There are many good standalone stories in here, too: The original Starman’s first battle with The Mist (which leads into the Sandman/Starman story), and “The Return of Bobo”, in which a small-time villain gets out of jail and returns to Opal City, to the worry of the police and Jack Knight. Bobo is one of the series’ best characters, as is immediately evident from this story. But Starman is similar to Neil Gaiman’s Sandman in that the standalone stories build up the background of the series and eventually contribute important pieces to the characters and ongoing storyline. And even if not every detail is crucial, most stories are enjoyable on their own.

James Robinson is sorely missed in comics – at least by me; these days I think he mainly works in Hollywood. But this volume of Starman reminds me that he really was one of the most sophisticated writers in the business. In some ways the best is yet to come, but in many ways the best is right here in this book.

Marvels: Eye of the Camera #4 I’ve been disappointed in Marvels: Eye of the Camera so far, and I think I know why: The strong character arc of the original Marvels, and the strong sense of time and place of each issue of that series, is missing here. Eye feels like it’s one brief glimpse of 1970s and 80s Marvel after another, without the depth that gives the glimpses meaning. Granted, the period covered so far is mostly not an iconic period in Marvel’s publishing history (the Claremont/Byrne X-Men aside), but I still think it would have been a much better series if it had been pared down to fewer incidents.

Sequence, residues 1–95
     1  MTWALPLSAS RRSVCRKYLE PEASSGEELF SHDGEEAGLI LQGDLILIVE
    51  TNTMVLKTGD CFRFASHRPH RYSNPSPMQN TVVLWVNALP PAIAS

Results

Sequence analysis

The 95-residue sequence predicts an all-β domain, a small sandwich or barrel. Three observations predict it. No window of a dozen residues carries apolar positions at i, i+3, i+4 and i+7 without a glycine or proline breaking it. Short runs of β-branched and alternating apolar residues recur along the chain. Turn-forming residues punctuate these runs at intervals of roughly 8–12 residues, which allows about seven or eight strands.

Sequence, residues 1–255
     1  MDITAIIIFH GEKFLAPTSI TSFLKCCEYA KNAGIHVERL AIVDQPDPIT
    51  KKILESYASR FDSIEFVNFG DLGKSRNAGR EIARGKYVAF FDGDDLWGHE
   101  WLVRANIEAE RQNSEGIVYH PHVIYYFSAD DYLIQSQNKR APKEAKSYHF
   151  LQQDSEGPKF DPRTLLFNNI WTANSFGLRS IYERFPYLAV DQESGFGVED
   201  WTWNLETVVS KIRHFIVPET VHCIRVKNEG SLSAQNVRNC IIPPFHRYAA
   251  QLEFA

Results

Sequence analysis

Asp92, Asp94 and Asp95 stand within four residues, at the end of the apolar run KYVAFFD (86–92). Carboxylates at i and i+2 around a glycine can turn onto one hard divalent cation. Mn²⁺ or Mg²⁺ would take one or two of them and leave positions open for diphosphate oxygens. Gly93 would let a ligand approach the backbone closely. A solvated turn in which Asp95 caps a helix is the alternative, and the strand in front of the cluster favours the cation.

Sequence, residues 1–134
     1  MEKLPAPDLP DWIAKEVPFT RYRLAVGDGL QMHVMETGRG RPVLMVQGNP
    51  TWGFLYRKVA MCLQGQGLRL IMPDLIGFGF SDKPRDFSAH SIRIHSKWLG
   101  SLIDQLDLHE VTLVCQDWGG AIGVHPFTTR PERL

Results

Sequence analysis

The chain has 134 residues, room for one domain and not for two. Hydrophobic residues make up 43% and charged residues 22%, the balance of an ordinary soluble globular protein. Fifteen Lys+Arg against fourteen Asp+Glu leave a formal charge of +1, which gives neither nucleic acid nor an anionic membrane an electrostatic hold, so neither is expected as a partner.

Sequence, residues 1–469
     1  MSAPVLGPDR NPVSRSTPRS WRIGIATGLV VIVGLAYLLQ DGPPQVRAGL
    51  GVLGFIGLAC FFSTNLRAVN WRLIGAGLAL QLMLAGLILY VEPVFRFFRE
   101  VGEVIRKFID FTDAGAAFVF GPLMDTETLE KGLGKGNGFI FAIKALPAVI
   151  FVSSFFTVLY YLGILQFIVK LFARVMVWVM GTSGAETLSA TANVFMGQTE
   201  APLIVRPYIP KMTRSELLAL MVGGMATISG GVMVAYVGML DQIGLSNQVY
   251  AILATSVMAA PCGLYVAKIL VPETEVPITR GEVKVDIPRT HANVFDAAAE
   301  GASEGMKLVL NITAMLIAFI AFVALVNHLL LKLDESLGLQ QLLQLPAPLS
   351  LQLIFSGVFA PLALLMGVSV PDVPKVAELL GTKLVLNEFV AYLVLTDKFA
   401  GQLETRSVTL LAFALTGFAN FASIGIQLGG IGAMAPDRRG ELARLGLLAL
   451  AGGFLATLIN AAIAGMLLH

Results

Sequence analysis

This issue primarily focuses on the wake of the Secret Wars series, especially the second one, in which the godlike Beyonder comes to Earth and trails destruction in his wake. It’s okay, but it still feels like a series of vignettes. It’s loosely connected by Phil Sheldon’s ongoing battle with cancer, but the series just isn’t working for me.

There’s still time for Busiek to pull it off, but it’s been a rather haphazard story so far.

Gigantic #3 Greg Burgas wonders why Gigantic isn’t a better comic book. I think the answer’s pretty simple: While it’s a high-concept action story (“The Earth’s just a setting for alien reality TV programming”), it’s really a very depressing one. The lead character is a man who was turned into a gladiator for the aliens when he was younger, and has come back to his homeworld a hunted man. Catastrophe, tragedy and a whole lot of punching ensues. The first three issues haven’t really expanded on the premise very much, it’s continued to just be a lot of tragedy and punching with no light visible at the end of the tunnel. I have a similar problem with the other Remender series I’m reading, The End League. I can deal with dark comics series, but these aren’t just dark, they’re bleak. So they’re not much fun.

For a much better take on a very similar premise, try Dan Vado’s The Griffin. While the art in that one is a little iffy, the story is first-rate. If you can find the original DC Comics prestige-format mini-series (6 issues), that’s even better, since the SLG collection is in black-and-white.